If you love antiques, the farmhouse look or anything that has to do with rustic contemporary, be sure to stop by. The White Mercantile has antiques and odd-ends in one room and the other has everything from women and mens clothing to toys to really great socks and journals and thing to make your pet super happy.
This store, owned by Reese Witherspoon, is a great fun shop if you love being identified as a "southern belle." Almost every clothing piece has the word "y'all" incorporated, they offered Thomas some sweet tea and they have the cutest nooks full of classic southern decor.
Places to eat:
I can't rave about this place enough. If you want authentic Mexican food with a great atmosphere, personal servers and want to sip on a margarita while you're at it, Bartaco is your place. They make their tequila in house so you can imagine how magical their margaritas are. Their menu is sushi-style meaning that you order at your own convince and fill out a paper with how many of what tacos you want and they come by, pick it up and your tacos come out in no time. We, however, ordered the large tray with 9 tacos and 3 sides and 2 tamales. It was the perfect amount for the two of us since we've been walking around all day until then. Greatest news - if you eat outside, they're dog friendly. So, Remi got to join us and eat his dinner right next to us.
Five Daughters Bakery
The pink neon lights, the white subway tile, the lines and lines and options of donuts, it's truly magical. I love Five Daughters because of their tiramisu and maple bacon donuts. They're filled with a buttery cream (I normally don't like cream filled donuts) so the donuts are well worth the four dollars. Must go. If you don't have time to go in, no problem! You can order them and pick them up to-go!
Joining forces on traditions is the most fun -- especially Christmas, I love Christmas. We never officially purchased our own stockings but my mom let us borrow ours from her house. Christmas Eve, we baked cookies, finished wrapping, put presents under the tree while watching Home Alone 2 with hot chocolate steaming in our mugs. We packed up Remi, in his Christmas sweater, and hopped in the car and headed down the road to some Christmas lights. When we came home, we plugged in the Christmas tree and kept it lit all night.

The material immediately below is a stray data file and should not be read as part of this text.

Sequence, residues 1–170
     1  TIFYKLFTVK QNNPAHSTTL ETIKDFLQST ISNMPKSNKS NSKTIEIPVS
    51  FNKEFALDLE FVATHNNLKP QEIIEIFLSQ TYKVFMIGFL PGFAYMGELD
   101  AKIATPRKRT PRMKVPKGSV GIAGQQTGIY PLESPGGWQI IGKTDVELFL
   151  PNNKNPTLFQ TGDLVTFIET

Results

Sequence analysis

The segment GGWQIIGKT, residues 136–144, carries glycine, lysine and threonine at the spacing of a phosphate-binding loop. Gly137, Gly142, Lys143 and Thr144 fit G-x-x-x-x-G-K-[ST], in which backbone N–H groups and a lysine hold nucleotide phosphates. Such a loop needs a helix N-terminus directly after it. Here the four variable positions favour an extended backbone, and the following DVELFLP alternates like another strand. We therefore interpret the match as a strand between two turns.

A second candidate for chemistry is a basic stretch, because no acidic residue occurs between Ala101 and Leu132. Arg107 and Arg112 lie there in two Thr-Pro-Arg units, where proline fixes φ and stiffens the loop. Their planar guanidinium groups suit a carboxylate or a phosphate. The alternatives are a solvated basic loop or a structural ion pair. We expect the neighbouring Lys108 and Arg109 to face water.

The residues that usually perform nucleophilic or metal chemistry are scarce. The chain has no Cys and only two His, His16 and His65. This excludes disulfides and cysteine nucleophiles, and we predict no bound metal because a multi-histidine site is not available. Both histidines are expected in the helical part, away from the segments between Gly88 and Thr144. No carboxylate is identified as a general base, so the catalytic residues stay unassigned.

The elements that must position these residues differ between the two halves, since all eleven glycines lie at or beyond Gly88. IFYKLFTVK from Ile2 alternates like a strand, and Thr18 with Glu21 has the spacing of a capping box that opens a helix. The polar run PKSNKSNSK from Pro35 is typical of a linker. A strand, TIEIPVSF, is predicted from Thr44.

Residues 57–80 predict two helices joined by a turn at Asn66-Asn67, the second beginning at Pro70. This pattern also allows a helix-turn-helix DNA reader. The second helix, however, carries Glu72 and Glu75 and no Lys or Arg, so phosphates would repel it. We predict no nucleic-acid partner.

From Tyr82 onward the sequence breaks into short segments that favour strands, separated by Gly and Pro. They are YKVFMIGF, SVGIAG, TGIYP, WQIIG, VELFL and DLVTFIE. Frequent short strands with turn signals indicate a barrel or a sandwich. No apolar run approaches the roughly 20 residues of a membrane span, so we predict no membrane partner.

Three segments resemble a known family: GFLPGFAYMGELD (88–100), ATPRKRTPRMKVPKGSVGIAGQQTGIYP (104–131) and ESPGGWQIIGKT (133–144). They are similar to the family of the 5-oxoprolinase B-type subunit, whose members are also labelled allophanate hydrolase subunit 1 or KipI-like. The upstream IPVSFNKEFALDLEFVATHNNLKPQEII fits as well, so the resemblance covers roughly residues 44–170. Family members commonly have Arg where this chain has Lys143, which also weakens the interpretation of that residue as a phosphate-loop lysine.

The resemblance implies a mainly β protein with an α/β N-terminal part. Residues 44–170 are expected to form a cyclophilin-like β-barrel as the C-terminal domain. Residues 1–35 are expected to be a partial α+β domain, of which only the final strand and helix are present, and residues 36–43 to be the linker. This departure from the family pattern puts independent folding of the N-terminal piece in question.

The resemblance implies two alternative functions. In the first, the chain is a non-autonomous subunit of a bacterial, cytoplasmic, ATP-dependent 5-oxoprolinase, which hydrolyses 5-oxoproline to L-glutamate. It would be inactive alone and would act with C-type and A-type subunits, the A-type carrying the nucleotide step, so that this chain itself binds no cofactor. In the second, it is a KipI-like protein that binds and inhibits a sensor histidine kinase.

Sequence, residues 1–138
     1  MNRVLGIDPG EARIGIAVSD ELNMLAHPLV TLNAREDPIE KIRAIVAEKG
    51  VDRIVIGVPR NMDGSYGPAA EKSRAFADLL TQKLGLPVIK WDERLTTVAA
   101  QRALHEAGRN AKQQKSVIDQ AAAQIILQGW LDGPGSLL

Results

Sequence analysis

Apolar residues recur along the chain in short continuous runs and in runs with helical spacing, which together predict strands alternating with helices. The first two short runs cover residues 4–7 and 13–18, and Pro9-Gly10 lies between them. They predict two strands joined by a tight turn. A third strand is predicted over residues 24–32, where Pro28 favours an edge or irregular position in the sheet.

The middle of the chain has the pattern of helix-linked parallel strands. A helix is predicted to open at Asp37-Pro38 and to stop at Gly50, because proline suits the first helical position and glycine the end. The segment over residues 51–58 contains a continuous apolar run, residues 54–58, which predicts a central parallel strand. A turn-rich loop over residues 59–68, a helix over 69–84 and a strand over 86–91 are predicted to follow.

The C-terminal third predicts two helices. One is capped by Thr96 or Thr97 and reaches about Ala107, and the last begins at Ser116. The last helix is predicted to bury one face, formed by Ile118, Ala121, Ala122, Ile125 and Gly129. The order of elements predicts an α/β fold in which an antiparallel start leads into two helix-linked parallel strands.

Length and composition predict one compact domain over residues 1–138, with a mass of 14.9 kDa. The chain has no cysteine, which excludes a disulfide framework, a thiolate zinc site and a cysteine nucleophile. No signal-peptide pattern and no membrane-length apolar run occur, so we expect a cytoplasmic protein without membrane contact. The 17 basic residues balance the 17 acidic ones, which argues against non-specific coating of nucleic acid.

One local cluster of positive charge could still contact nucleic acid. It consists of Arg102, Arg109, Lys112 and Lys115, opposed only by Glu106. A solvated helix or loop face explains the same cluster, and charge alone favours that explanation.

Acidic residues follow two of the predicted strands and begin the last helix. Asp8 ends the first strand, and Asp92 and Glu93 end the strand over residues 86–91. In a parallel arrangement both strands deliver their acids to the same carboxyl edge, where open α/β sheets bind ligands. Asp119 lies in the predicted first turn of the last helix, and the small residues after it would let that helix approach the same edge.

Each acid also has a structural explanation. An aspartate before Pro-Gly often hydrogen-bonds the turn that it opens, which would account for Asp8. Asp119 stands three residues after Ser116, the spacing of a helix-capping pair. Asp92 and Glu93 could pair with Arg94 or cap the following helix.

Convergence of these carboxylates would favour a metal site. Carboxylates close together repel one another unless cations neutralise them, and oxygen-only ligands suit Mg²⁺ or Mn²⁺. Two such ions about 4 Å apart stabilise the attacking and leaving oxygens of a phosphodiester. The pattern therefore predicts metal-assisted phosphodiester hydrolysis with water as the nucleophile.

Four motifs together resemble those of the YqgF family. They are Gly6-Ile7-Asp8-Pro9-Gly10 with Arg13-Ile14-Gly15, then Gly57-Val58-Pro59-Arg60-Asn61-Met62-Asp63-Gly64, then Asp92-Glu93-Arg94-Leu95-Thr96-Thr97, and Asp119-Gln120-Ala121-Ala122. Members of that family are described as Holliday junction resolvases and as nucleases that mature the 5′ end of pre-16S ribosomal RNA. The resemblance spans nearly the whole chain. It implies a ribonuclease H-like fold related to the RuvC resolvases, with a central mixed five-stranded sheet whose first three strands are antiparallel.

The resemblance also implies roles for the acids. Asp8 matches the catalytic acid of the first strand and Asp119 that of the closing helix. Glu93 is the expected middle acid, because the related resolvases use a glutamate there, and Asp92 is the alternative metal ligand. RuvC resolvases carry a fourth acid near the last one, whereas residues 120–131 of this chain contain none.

Yeah, sounds dreamy until your dog (*cough* Remi *cough*) threw up all night because he ate all of the wrapping supplies that we wrapped presents with the day before. Ugh.
Also, I went out and ran errands with chocolate on my face from making cookies so really Christmas Eve was just a blast.
We did stockings for each other this year and it was the most fun, getting things for other people is my love language so BOOOYAH. It's tough to put together the stockings for each other without each other seeing. So, we assembled stockings and put them under a blanket on the couch for the morning.
Christmas morning, I woke up to the sound of the Hallelujah Chorus playing. This is special to me because that's the song that woke us up every Christmas morning at my home. We lifted the blanket and opened stockings and gosh, my man knows me. All of my fave candies, nail polish and gadgets were in that stocking.